The discovery of unmarked graves at sites of residential schools was brought to the forefront in Canada when 215 were found at a former school in Kamloops.
But where does the search for more graves stand now?
Since the original discovery, more Indigenous communities throughout the country have started their own searches, but for some, it has been proving quite a challenge.
For 12 weeks, a committee on the George Gordon First Nation in Saskatchewan has been working to find any spots where unmarked graves could be.
“Triangulation is the process that we go through in dealing with Indigenous Services Canada’s records, the church records, and our local historical records,” said Brad Spence, who is the co-chair of the George Gordon First Nation Indian Residential School Committee.
Finding the proper equipment for land and underwater is part of the process and so is securing the proper support from community members.
“We also need out emotional safeguards in place for if and when we start our search, and if and when we find something.”
The First Nation is still weeks away from starting its search and it’s not alone. Seven Saskatchewan communities are planning searches as well as others across Canada.
“There’s an entire spectrum of work happening in this country right now,” said Ry Moran who is an associate university librarian on reconciliation at the University of Victoria.
While each search is working toward the same goal, each has its own challenges.
“For some, it’s a matter of finding technicians, some it’s a question of where do we look even for records or some of the archival materials. For others, it’s a question of where are the actual sites themselves and for others, there are questions about private land ownership.”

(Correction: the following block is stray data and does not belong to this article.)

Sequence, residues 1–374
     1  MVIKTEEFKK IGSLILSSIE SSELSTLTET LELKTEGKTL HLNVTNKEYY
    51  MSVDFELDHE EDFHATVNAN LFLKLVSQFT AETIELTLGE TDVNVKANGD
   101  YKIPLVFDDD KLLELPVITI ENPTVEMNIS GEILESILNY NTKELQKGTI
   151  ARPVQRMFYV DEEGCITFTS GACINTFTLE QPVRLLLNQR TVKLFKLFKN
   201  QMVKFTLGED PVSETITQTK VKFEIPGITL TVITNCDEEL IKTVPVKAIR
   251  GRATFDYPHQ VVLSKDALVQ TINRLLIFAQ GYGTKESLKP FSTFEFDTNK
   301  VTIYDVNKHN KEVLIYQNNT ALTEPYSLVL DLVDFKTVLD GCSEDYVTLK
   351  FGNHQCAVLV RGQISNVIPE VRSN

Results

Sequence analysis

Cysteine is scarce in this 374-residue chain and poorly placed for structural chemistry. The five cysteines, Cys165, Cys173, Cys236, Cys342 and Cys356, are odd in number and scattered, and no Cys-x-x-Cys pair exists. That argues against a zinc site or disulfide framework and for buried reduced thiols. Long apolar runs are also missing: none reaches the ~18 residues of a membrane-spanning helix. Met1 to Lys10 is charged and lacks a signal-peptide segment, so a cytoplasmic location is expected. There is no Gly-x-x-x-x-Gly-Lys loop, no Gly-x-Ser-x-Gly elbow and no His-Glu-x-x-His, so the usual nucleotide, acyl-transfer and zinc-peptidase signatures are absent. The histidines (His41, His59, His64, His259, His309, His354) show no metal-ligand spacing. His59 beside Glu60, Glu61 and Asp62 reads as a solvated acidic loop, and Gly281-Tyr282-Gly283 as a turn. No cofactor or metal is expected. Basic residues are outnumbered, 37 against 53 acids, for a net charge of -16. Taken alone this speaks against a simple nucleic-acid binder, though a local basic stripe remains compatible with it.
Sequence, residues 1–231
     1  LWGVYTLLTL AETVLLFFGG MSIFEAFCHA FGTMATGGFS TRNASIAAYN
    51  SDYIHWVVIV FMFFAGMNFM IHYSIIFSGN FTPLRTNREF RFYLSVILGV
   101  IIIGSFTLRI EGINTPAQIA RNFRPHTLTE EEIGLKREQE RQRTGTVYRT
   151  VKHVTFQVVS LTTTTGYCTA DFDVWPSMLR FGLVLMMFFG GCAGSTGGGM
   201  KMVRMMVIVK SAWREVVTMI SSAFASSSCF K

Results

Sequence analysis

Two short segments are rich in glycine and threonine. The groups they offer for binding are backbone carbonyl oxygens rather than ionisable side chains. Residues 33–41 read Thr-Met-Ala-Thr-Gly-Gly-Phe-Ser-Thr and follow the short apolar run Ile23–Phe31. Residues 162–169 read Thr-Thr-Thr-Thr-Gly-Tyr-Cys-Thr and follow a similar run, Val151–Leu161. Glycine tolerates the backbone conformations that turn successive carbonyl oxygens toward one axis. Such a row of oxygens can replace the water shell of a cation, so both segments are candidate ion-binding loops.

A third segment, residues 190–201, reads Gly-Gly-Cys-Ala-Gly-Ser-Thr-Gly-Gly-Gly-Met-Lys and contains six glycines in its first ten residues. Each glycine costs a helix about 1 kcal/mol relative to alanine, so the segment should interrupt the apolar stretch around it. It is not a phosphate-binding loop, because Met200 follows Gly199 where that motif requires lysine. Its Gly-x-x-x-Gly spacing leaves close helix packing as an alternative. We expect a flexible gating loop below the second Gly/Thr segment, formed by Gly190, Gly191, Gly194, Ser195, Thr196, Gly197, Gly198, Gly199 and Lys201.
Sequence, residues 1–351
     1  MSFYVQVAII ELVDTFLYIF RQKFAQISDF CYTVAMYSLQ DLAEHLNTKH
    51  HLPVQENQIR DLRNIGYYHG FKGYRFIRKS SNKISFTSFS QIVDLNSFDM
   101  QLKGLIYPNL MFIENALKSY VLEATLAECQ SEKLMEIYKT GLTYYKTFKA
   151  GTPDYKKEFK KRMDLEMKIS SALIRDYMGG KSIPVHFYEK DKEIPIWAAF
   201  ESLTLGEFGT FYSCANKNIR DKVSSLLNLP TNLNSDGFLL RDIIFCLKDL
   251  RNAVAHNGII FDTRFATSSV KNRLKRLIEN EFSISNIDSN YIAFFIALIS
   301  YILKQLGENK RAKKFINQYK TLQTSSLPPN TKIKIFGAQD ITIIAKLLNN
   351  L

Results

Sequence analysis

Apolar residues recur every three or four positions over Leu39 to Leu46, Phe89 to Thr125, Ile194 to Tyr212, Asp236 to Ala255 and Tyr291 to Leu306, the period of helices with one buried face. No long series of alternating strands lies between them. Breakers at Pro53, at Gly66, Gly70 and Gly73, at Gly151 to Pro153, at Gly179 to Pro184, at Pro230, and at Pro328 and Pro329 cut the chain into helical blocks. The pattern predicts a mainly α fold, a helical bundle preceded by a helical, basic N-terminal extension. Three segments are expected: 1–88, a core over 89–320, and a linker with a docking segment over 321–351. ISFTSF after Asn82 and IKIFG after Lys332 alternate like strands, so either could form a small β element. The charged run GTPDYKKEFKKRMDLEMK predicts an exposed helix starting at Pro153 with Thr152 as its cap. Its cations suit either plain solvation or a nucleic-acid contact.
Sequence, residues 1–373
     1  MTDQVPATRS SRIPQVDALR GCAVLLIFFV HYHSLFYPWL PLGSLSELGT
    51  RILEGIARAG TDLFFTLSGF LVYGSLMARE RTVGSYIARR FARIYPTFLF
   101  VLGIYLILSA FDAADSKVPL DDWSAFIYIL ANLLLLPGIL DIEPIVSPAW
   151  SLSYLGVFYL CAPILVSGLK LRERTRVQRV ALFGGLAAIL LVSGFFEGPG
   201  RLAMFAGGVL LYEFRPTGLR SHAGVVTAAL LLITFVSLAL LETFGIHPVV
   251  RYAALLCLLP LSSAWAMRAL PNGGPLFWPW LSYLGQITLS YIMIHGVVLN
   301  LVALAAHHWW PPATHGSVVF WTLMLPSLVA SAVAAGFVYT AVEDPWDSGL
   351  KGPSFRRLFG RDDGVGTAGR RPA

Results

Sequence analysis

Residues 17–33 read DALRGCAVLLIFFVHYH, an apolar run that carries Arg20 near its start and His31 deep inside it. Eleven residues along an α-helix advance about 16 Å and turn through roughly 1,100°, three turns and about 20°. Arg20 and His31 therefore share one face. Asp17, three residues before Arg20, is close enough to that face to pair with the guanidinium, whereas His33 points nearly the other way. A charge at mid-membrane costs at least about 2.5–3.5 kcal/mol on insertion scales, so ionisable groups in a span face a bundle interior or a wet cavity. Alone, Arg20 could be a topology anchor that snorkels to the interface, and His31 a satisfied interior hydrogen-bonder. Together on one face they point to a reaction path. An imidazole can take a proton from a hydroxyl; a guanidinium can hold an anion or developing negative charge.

The federal government, along with several provincial governments have helped kick-start the search process through funding, but some say that is not enough.
“There’s still more investment needed at the First Nation level. We’re fielding calls, we’re fielding emails, and we’re getting letters from chiefs and councils that they need more investment to do the work,” said Chief Bobby Cameron of the Federation of Sovereign Indigenous Nations.
Even through dealing with all the challenges, the decision to keep going has never wavered.
“What would you do if this was your child? Or if this was your family member? I mean it’s just a fundamental question of justice and a fundamental question of respect,” said Moran.
Those involved in the search say it is just one step in the journey toward healing.
If you are a former residential school student in distress, or have been affected by the residential school system and need help, you can contact the 24-hour Indian Residential Schools Crisis Line: 1-866-925-4419
Additional mental-health support and resources for Indigenous people are available here.
View original article here Source